Originally Posted by top6
You are confusing two issues (and people often confuse these 2 issues when discussing the law). You are right that he almost certainly did not know that what he had done was against the rules.* However, he did know that he had committed the act that was in violations of the rules--he just did not know it was against the rules.
It is virtually never a defense to claim that you did not know that what you did was illegal. It is a defense to say that you didn't know you committed the act in question. So, if I dump garbage in my neighbor's lawn, but claim I was unaware that this was a crime, I am still liable (ignorance of the law is no excuse). If I am moving a ladder and accidentally knock over a garbage can, causing garbage to spill on my neighbor's lawn (and I don't see the garbage can fall over), then (in some cases) I have a defense if charged with illegal dumping, as I did not realize I had committed the act that violated the law.
Here, Tiger admitted that he knowingly did not drop the ball as close as possible to his previous shot. Clearly, he thought that this was within the rules. He now realizes it was not. This has nothing to do with video replay or anything. He should disqualify himself.
*Because we all know Tiger would never knowingly cheat... oh wait.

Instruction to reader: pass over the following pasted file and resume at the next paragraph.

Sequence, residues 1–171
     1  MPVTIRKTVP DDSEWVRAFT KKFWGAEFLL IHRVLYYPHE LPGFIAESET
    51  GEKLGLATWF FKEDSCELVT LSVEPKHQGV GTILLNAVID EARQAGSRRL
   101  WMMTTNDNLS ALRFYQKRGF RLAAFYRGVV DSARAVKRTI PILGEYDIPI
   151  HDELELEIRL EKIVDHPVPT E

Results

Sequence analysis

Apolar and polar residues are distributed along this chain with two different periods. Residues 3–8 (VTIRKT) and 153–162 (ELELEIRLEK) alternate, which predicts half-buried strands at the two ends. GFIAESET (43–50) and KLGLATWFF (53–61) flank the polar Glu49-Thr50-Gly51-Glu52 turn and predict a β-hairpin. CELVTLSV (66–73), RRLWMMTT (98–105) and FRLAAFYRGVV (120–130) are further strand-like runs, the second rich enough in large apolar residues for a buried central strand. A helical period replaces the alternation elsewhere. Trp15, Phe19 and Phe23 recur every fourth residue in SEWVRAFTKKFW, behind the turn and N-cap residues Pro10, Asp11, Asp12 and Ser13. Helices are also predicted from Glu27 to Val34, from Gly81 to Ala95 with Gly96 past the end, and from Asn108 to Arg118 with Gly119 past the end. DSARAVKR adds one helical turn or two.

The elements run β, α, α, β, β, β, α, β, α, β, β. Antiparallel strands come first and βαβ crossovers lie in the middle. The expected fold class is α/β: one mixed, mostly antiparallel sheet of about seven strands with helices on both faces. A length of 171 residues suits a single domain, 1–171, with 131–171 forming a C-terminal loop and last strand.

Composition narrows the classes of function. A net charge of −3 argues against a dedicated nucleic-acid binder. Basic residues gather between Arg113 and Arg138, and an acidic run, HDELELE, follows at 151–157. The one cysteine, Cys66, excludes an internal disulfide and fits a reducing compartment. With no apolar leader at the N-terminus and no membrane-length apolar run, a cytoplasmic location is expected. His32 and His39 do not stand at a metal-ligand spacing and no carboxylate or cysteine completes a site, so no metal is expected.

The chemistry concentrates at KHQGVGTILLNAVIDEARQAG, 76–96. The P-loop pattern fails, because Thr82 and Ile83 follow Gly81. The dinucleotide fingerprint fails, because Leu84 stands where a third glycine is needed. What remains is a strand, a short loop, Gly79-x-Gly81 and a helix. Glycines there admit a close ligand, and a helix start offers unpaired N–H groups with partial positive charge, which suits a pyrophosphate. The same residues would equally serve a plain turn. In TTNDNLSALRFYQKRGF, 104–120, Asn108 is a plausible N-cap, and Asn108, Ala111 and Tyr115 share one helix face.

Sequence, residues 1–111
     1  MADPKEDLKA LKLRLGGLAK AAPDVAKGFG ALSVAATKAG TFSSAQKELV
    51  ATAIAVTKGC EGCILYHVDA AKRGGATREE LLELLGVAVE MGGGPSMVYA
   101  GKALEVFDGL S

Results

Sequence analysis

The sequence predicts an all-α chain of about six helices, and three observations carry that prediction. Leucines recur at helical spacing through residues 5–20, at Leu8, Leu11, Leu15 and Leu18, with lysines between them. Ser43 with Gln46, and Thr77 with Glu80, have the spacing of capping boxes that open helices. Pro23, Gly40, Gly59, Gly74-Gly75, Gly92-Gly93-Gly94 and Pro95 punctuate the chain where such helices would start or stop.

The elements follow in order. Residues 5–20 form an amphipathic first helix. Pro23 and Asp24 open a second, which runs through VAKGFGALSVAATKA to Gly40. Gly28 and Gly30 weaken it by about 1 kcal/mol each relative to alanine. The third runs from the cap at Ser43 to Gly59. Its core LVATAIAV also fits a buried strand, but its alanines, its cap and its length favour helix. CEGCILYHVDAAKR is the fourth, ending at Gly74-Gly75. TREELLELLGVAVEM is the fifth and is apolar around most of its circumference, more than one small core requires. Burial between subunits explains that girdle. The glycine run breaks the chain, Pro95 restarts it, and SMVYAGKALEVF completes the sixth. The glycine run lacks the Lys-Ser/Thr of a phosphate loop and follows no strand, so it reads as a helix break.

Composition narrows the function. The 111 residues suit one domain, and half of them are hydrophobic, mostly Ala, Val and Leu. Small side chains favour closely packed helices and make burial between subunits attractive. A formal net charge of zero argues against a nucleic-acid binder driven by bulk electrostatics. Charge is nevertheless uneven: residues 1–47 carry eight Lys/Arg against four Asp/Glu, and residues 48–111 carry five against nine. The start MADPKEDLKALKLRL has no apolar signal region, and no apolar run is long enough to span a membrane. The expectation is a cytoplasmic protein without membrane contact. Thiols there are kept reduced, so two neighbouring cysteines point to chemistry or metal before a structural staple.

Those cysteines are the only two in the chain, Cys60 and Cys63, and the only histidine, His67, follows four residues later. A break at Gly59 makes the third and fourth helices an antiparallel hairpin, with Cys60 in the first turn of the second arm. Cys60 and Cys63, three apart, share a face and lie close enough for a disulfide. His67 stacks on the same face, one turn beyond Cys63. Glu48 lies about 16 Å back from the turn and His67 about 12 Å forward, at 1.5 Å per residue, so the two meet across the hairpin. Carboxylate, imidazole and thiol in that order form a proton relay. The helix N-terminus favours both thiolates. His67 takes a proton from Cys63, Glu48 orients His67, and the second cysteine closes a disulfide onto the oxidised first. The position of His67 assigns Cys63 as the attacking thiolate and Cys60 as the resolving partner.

I understand the difference. Obviously, the rules officials of the game of golf disagree with you. They don't think he should be DQ'ed.
I'm not arguing the actual rules themselves, but how outrage makes no sense given the entire scenario. The rules themselves are asinine. They should be changed, and this is why. It's an ambiguous rule and I think he could make the case that even with his comments, it would still fit within the rule using a standard of reasonableness. If you know the law so well, you also know that ambiguously written laws are not always open to interpretation and a standard of reasonableness generally applies.
Before his comments, they thought his drop was legal. So they looked at the evidence and thought his drop fit within the language of "as close as possible". That's an awfully difficult piece of evidence to get around if the very people there to interpret the rules said he did nothing wrong. What if he would have said 1 yard instead of 2? What if he would have said a few feet? Why is it that 2 yards all of sudden makes it glaringly obvious that he broke the rule and it's somehow outrageous that he would still play in the tournament.
Seriously, the DQ rules in golf are ridiculous. I've been saying as much on here for years. Why should something like that make a guy not even be able to play in the tournament. There's a reason the USGA made an attempt to amend the rule.